*Originally published in Monsters and the Monstrous:

Review of Her Wicked Angel by Felicity Heaton

Wicked angel


Barnes & Noble


In Her Wicked Angel, the dark angel Asmodeus is sent to earth to retrieve the witch Liora for his master, the Devil. But when Asmodeus sets eyes on Liora, he is lost; he can’t imagine handing her over to the Devil. Instead, he sets out to make her his own.

In this latest entry of the Her Angel Romance series, author Felicity Heaton offers a sexy hero and a beautiful heroine whose chemistry makes the pages sizzle. I particularly liked Heaton’s depiction of Asmodeus’ difficulties as a hell-born angel on his first trip to earth; the fact that he doesn’t know how to behave and Liora has to teach him evened the odds a little bit. He might be overwhelmingly powerful, but Liora is a powerful witch in her own right—and as attractive as she finds him, she’s not overawed by him. That made for a nice balance in their relationship.

I was a little distracted by what felt like the author’s constant use of “male” and “female” in the text. I get the reasoning—these demonic angels aren’t exactly men and wouldn’t necessarily think in the same terms we do. Nonetheless, the constant use of the terms seemed a little overly biological to me. I think the words “man” and “woman” would have been almost invisible in a way that “male” and “female” weren’t.

But that’s really a minor issue. This is a solid romance novel. The plot is entertaining, Asmodeus is a bad-ass, and Liora is definitely his match. Her Wicked Angel is wicked good fun.

Overall, I give it 8/10
4 stars

~Margo Bond Collins

The Urban Fantasy Anthology – Review

Review of The Urban Fantasy Anthology. Ed. Peter S. Beagle and Joe R. Lansdale. San Francisco: Tachyon, 2011. $15.95.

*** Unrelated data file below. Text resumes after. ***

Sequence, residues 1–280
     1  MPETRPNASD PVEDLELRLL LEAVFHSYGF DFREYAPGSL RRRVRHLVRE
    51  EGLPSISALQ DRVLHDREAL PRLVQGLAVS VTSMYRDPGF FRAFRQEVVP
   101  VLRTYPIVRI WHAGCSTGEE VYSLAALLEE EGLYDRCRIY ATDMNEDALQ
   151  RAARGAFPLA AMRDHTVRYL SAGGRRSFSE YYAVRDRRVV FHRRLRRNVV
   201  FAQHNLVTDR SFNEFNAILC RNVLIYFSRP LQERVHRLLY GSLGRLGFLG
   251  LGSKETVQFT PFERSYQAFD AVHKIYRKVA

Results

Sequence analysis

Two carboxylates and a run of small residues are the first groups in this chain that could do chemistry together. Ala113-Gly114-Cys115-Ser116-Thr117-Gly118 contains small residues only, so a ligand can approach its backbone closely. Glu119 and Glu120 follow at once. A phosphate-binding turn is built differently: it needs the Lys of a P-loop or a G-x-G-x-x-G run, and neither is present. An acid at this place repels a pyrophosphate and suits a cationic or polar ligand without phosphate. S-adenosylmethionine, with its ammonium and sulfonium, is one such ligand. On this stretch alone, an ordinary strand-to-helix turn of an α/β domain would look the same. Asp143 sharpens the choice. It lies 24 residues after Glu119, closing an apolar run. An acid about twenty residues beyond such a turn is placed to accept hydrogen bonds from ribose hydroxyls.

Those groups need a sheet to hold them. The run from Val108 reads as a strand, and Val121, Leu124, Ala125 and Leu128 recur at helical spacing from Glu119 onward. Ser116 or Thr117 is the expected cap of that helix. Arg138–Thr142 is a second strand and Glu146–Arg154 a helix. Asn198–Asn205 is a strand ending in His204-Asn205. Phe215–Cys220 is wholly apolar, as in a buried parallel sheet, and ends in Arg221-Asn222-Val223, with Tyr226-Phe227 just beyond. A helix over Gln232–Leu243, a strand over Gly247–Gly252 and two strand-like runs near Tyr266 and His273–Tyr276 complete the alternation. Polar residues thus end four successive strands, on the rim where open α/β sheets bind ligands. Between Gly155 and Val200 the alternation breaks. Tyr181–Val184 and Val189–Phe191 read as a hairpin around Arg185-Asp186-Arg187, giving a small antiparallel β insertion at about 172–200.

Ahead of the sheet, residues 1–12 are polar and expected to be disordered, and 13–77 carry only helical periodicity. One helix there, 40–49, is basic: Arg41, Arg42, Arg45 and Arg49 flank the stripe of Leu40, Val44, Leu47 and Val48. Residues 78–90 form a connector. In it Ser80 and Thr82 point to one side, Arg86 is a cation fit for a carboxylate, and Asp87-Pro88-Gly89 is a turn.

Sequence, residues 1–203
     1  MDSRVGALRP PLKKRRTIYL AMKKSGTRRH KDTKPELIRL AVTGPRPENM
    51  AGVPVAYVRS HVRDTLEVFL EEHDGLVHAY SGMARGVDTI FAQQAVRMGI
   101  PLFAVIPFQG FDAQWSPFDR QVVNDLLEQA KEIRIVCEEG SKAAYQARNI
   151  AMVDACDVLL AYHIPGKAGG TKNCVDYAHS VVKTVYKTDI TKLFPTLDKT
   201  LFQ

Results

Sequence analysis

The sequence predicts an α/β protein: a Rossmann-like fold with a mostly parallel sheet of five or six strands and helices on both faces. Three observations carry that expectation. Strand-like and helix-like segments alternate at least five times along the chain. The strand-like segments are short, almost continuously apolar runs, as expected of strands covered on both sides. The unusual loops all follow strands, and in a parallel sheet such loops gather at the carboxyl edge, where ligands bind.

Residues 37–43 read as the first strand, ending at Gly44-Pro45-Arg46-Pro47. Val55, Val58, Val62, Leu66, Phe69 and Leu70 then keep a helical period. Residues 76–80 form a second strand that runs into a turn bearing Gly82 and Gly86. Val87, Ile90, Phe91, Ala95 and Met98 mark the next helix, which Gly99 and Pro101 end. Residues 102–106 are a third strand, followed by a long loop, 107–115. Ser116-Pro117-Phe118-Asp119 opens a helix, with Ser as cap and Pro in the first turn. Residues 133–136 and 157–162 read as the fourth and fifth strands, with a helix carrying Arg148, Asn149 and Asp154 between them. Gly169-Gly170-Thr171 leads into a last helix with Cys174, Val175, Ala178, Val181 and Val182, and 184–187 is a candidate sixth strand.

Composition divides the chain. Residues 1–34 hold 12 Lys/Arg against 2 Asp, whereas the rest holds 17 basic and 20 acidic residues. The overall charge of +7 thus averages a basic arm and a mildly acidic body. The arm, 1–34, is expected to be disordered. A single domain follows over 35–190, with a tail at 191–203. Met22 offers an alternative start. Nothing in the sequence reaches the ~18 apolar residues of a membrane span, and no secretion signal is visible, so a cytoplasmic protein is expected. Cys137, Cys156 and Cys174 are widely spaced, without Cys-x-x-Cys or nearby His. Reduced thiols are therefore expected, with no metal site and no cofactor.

Barnes & Noble

In The Urban Fantasy Anthology, Peter S. Beagle and Joe R. Lansdale have created a much-needed collection of urban fantasy suitable for classroom instructors, academics, and interested laypersons alike. As Beagle notes in his introduction, “urban fantasy has become so vibrant, and has evolved so rapidly, that it has emerged as a distinct marketing category.” This book brings together a variety of important stories in the field from both grand masters of fiction and comparative newcomers, creating an important text for anyone interested in urban fantasy. Perhaps more importantly, however, the anthology creates a collection that leaves the impression of a genre (and series of sub-genres) still developing.

The Urban Fantasy Anthology

Beagle and Lansdale have chosen to divide the collection into three categories: Mythic Fiction, Paranormal Romance, and Noir Fantasy. The sections are introduced by Charles de Lint , Paula Guran, and Joe R. Lansdale, respectively. However, the section introductions illustrate the difficulties inherent in defining a genre, particularly one as new as urban fantasy. Indeed, beyond the basic element of the fantastic in a modern setting, the various section editors themselves show little consensus about what constitutes an “urban fantasy” story. In the introduction, Beagle claims that “I still think that urban fantasy’s most important distinction is that it isn’t The Lord of the Rings” (9). Each section editor’s introduction provides his or her ideas about the concept of “urban fantasy,” deepening and enriching the conversation surrounding the genre and its various sub-genres—a move that will, I suspect, more firmly entrench the various categories, despite everyone’s apparent reluctance to do just that.